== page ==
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Conti ransomware gang attacked 850 companies in 2 years

Singapore-based cyber security company Group-IB has published its findings about ARMattack, identifying it as one of the shortest yet most successful campaigns by the Russian-linked ransomware gang Conti.

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Mon, 27 Jun 2022
Conti ransomware gang attacked 850 companies in 2 years
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The notorious ransomware collective Conti compromised more than 40 companies worldwide in an attack that took three days, according to Group-IB's report titled CONTI ARMADA: ARMATTACK CAMPAIGN.

In two years, Group-IB observed the ransomware operators attacked more than 850 victims including corporations, government agencies, and even a whole country.

According to Group-IB, Conti is considered one of the most successful ransomware groups. The gang's existence first appeared on the radar in February 2020, when malicious files with the extension “.сonti” began to appear. However, Group-IB researchers believe the initial test versions of the malware date back to November 2019.

Conti has dominated the ransomware scene in terms of the number of companies whose data has been encrypted. In 2020, Conti published data belonging to 173 victims on their dedicated leak site (DLS). By the end of 2021, Conti came out on top as one of the largest and most aggressive groups, having published data belonging to 530 companies on its DLS.

A few months into 2022, the group posted information belonging to 156 companies, making for a total of 859 DLS victims in two years, including 46 in April 2022. In the same month, Conti’s "cyber war" against Costa Rica in April 2022 led to a state of emergency being declared. According to Group-IB, the actual number of victims is believed to be significantly higher.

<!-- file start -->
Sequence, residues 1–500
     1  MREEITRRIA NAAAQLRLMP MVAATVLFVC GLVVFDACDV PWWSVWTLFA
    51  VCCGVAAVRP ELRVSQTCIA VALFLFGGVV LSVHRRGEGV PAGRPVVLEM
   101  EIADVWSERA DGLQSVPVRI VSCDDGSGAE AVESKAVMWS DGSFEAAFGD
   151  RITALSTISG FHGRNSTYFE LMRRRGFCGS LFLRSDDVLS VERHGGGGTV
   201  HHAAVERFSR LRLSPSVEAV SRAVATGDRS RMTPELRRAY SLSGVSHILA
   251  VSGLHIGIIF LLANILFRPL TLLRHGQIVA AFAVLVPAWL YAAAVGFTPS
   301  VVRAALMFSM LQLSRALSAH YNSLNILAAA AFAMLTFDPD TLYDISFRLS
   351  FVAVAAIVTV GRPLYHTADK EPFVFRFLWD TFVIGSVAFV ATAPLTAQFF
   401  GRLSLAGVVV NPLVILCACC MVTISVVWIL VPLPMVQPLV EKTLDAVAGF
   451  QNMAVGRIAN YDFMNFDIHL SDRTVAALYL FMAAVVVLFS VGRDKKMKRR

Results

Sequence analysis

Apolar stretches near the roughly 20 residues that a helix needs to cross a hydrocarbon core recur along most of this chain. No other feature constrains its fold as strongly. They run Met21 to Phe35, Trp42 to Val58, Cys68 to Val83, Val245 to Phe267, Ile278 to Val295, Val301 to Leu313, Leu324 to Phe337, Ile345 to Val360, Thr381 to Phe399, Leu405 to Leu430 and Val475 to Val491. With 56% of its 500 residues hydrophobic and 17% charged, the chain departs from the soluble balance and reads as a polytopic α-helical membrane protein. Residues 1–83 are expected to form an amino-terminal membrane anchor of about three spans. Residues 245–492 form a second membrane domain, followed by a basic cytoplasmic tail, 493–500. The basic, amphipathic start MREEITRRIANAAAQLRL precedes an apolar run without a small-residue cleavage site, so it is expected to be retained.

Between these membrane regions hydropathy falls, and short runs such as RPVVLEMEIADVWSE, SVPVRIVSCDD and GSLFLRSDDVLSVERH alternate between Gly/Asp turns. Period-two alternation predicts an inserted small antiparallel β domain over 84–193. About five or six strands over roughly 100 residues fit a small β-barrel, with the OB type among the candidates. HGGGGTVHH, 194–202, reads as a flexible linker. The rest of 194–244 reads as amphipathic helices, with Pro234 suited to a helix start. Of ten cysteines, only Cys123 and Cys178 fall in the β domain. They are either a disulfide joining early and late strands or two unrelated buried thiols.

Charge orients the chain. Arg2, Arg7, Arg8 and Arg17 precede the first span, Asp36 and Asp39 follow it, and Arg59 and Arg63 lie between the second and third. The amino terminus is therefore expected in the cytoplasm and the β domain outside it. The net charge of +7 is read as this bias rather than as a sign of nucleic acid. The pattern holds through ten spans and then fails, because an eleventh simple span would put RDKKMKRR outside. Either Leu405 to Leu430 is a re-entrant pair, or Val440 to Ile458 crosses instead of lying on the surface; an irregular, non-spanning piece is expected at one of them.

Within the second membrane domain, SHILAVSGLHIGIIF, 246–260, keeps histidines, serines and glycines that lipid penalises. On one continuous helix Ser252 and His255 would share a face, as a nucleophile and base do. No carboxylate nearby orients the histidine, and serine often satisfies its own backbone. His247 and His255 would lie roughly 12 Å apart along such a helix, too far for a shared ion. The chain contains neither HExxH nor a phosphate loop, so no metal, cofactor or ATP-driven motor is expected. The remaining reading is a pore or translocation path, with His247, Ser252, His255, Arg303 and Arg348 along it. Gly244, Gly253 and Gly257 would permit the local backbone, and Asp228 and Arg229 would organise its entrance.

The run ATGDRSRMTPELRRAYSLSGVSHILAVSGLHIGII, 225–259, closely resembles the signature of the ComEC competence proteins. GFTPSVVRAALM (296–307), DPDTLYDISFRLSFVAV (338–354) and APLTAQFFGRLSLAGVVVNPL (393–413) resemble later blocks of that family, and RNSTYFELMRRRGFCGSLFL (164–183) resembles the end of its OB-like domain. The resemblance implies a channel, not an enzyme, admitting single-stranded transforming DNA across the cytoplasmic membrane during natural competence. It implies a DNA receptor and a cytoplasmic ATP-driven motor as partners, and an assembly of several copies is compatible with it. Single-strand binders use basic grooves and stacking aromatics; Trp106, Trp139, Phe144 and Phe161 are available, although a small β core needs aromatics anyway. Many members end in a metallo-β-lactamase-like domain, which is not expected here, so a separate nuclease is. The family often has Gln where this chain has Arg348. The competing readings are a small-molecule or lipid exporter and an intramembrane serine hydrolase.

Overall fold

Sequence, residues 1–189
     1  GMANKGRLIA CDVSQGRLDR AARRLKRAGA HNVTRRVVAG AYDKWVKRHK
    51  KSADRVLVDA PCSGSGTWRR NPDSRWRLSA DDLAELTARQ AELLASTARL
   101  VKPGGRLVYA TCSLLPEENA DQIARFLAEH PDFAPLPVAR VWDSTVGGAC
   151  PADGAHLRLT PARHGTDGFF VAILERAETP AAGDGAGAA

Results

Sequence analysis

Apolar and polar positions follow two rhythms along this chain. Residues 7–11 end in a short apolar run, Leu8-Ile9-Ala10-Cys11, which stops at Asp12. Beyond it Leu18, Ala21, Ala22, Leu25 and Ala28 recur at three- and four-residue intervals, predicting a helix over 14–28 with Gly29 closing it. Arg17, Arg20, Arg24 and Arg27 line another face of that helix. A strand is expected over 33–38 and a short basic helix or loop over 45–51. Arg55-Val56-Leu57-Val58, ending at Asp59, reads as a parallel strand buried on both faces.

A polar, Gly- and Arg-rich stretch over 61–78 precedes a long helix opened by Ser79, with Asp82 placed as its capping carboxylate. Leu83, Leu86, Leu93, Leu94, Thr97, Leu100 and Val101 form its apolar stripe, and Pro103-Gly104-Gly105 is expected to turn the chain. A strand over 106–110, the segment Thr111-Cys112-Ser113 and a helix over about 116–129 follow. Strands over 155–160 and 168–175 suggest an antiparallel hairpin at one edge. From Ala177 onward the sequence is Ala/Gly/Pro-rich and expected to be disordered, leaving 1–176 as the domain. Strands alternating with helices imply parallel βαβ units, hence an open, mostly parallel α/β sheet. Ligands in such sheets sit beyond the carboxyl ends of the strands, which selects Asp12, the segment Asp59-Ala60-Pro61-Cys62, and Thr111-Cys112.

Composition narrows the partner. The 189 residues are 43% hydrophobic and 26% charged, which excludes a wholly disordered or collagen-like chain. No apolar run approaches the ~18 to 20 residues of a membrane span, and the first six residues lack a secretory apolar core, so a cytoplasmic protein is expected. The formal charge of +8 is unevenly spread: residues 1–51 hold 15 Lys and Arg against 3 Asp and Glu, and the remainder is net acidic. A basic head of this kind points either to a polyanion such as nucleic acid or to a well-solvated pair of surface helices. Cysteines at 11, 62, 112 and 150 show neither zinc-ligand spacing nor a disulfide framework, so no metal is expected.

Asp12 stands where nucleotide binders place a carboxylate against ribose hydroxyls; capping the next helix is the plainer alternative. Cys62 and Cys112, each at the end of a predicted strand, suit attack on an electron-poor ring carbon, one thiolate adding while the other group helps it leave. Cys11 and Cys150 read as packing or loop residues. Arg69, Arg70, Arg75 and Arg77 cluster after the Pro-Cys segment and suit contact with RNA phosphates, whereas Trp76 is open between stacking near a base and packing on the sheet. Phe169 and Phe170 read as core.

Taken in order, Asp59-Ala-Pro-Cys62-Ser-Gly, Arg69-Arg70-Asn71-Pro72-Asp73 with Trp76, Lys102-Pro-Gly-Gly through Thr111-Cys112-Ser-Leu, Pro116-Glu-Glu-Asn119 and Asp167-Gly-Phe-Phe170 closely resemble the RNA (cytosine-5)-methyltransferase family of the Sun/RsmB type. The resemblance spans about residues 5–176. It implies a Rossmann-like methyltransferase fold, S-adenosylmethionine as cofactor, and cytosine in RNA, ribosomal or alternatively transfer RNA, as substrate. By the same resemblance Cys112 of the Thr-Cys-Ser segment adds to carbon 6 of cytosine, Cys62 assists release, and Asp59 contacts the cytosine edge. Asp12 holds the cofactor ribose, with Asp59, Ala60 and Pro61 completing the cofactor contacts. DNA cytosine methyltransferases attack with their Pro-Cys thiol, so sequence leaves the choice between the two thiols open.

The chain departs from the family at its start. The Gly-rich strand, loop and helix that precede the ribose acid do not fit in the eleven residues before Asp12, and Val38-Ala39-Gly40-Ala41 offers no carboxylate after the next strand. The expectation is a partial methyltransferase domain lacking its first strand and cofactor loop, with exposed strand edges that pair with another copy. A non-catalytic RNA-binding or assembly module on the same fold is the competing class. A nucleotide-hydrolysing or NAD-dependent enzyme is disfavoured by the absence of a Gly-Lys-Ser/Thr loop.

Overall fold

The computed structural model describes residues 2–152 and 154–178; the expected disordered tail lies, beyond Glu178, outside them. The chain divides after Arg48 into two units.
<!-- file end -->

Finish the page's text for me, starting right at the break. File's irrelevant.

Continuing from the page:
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According to Ivan Pisarev, head of dynamic malware analysis team at Group-IB's threat intelligence department, Conti's increased activity and the data leak suggest that ransomware is no longer a game between average malware developers, but an illicit RaaS industry that gives jobs to hundreds of cyber criminals worldwide with various specialisations.

"In this industry, Conti is a notorious player that has in fact created an 'IT company' whose goal is to extort large sums.

"It is difficult to predict what will happen to Conti in the future: whether it will continue working after a large-scale rebranding or be divided into smaller sub-projects.

"It is clear, however, that the group will continue its operations, either on its own or with the help of its 'subsidiary' projects," Pisarev said.

Conti and their affiliates attack often and quickly according to Group-IB experts, after analysing one of the group's lightning-fast and most productive campaigns, codenamed "ARMattack". The campaign lasted about a month (from 17 November to 20 December 2021), but it turned out to be extremely effective. Group-IB researchers observed the attackers compromised more than 40 organisations worldwide. Most attacks were carried out in the US (37 per cent), but the campaign also surged through Europe, with victims in Germany (3 per cent), Switzerland (2 per cent), the Netherlands, Spain, France, the Czech Republic, Sweden, and Denmark (1 per cent each). The group even attacked organisations in the UAE (2 per cent) and India (1 per cent).